Buddleja globosa and Buddleja araucana (nappii)

Revised June 2014

B. globosa gets very large and is covered in little orange ball shaped flowers in May or June.

Buddleja globosa

Buddleja (Buddleia) globosa is found in Chile and the most westerly part of Argentina. It is a very large shrub with large green leaves and intriguing golf-ball flowers about 15mm in diameter, arranged in spikes of five to nine flower balls each with twenty-five or more little individual flowers. It is probably the most popular garden Buddleja after B. davidii and was the first Buddleja to be introduced to Europe in the 18th century. It is fully hardy, undemanding and evergreen although it can grow too large for many gardens: it can easily reach 5 metres in height and width. Depending on cultivar and position it can flower May to July and the bees love it. Seed pods form during the summer months ripening in September (in the UK), which later split when dry to release the tiny wingless seeds. But seed will only set on certain individuals.

This is because most Buddlejas from the Americas are dioecious: that is they have separate male and female plants. There is some confusion about B. globosa because the flowers often appear to have both male (stamens) and female (pistil) parts but one or the other is non-functional. This is called cryptic dioecy and species that display this are described as being cryptically dioecious, although in older texts it can be described as micro-dioecious. Hermaphroditic plants of this species may also exist (trioecious). More on sexing these Buddleja can be found below.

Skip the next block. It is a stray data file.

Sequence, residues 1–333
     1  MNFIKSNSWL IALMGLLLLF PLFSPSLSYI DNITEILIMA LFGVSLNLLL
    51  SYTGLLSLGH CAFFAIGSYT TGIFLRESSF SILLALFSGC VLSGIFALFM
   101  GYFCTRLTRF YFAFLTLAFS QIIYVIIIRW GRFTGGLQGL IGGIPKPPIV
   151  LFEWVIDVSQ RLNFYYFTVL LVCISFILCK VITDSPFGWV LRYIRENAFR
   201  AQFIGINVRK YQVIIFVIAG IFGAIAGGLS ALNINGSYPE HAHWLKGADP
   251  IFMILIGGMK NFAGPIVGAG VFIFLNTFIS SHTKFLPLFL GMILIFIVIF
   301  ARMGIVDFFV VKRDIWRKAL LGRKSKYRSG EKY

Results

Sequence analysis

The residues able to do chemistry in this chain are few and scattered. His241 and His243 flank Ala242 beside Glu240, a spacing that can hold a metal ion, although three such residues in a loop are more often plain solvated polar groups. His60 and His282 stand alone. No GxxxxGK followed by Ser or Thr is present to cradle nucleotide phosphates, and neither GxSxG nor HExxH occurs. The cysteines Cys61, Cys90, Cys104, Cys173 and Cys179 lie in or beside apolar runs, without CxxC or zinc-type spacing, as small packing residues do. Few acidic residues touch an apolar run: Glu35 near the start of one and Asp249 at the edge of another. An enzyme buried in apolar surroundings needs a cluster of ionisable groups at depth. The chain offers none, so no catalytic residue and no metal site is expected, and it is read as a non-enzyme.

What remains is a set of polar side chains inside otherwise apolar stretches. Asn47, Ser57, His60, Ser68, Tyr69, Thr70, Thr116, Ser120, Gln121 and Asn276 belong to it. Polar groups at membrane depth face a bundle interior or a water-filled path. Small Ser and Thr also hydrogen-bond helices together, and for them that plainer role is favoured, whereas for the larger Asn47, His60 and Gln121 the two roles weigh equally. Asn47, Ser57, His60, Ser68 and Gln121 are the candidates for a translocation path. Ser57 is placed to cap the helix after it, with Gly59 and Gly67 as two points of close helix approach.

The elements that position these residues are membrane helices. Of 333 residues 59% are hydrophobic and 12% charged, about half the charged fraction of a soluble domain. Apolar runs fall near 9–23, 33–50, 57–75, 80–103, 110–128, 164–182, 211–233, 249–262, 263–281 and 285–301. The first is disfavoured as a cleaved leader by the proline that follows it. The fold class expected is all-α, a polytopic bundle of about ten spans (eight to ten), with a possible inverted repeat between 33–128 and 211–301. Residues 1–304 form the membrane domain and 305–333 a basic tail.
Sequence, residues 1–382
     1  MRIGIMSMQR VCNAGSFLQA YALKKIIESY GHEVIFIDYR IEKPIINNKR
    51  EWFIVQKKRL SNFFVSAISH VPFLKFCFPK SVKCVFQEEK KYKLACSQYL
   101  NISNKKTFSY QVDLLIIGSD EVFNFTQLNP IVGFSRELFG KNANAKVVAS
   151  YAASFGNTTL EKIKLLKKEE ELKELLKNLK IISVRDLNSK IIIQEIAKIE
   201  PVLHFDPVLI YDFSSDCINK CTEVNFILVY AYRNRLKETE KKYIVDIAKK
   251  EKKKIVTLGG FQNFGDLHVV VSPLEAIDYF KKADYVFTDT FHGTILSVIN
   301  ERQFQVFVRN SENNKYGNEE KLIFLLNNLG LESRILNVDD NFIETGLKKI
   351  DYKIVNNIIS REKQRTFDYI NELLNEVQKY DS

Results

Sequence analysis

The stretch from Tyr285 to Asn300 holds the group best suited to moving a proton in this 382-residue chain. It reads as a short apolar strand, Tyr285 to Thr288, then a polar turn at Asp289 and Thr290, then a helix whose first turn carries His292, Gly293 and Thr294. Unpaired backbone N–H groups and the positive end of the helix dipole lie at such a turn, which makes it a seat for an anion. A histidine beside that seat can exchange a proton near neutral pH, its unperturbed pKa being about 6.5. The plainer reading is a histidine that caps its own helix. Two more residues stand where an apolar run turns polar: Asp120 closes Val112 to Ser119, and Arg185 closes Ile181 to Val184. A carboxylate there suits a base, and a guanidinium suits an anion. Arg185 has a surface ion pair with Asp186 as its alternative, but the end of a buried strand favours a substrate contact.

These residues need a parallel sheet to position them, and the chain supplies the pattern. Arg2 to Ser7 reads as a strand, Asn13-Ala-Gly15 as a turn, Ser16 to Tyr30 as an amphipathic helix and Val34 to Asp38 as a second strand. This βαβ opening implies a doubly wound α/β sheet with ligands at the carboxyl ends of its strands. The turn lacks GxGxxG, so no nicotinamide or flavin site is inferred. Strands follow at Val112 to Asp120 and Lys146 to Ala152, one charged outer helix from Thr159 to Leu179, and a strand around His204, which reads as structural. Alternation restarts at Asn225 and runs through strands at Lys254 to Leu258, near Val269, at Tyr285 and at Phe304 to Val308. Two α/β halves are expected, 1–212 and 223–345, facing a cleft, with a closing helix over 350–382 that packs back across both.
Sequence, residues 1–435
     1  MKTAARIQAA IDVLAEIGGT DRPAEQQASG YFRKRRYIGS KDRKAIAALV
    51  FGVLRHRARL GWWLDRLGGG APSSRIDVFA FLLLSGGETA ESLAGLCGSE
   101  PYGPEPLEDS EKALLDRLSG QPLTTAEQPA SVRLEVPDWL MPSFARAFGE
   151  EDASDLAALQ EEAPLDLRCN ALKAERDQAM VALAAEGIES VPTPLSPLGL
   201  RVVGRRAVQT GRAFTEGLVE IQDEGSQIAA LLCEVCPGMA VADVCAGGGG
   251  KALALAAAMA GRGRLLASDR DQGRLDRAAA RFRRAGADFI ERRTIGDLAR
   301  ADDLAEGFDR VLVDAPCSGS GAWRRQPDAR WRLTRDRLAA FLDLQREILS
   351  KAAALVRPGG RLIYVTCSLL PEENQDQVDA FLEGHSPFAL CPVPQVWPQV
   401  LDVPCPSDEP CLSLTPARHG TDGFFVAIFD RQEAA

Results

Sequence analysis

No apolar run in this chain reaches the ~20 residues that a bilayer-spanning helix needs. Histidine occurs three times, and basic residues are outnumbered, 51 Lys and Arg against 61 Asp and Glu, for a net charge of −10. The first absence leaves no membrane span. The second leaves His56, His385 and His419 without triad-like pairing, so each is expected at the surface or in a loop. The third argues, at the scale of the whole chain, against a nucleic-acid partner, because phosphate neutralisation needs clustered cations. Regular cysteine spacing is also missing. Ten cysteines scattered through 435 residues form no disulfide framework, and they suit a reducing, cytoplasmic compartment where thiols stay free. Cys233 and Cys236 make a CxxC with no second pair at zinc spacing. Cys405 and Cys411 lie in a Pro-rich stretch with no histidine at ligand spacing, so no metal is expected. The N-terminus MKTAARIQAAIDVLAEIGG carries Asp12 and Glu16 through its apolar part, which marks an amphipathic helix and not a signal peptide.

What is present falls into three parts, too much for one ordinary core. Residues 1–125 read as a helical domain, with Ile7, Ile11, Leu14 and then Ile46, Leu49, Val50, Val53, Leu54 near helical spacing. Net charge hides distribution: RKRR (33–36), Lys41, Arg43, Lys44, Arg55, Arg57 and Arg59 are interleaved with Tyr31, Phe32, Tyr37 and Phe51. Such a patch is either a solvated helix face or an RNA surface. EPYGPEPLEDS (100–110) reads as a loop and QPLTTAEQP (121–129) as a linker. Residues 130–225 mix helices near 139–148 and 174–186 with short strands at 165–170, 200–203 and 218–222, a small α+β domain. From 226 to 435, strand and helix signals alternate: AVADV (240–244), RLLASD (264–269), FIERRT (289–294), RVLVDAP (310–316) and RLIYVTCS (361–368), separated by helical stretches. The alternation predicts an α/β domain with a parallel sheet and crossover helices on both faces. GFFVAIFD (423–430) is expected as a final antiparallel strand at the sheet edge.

Most B. globosa plants have bright orange flowers.

There are several cultivars: Cally Orange; Lemon Ball; RCB RA-C-11; and HCM98017 to name a few. The differences can be very subtle. Cally Orange is supposedly a brighter orange; Lemon Ball is a shade lighter but not exactly the colour of a lemon and is female; RCB RA-C-11 is a wild collected specimen with a longer and earlier flowering period from April through to June. RCB RA-C-11 (from Cotswold Garden Flowers) appears to be male cultivar, although it is possible that it may be hermaphrodite. There was also a variegated form, which I have never seen; I have been told both that it had leaves spotted in yellow much like the hybrid B.x weyeriana 'Flight's Fancy' and also that it had delineated yellow margins. Unfortunately the plant is now lost and I cannot confirm which type of variegation it displayed.

The orange B. globosa in the photos is female
and regularly sets fertile seed, producing these large seed heads.

B. globosa HCM98017 has very pale yellow flowers.

B. globosa HCM98017 is really different and has very pale cream-yellow flowers and smaller leaves. Unfortunately the flowers aren't really bright and don't show up well against the foliage. HCM98017 has not yet set seed and close examination of the flowers leads me to believe that it is a male plant.

B. globosa HCM98017 (left) has very pale yellow flowers when compared to the species.

The bees aren't fussy - any B. globosa will do.

B. araucana has slightly deeper orange flowers and narrower leaves than B. globosa.

Buddleja araucana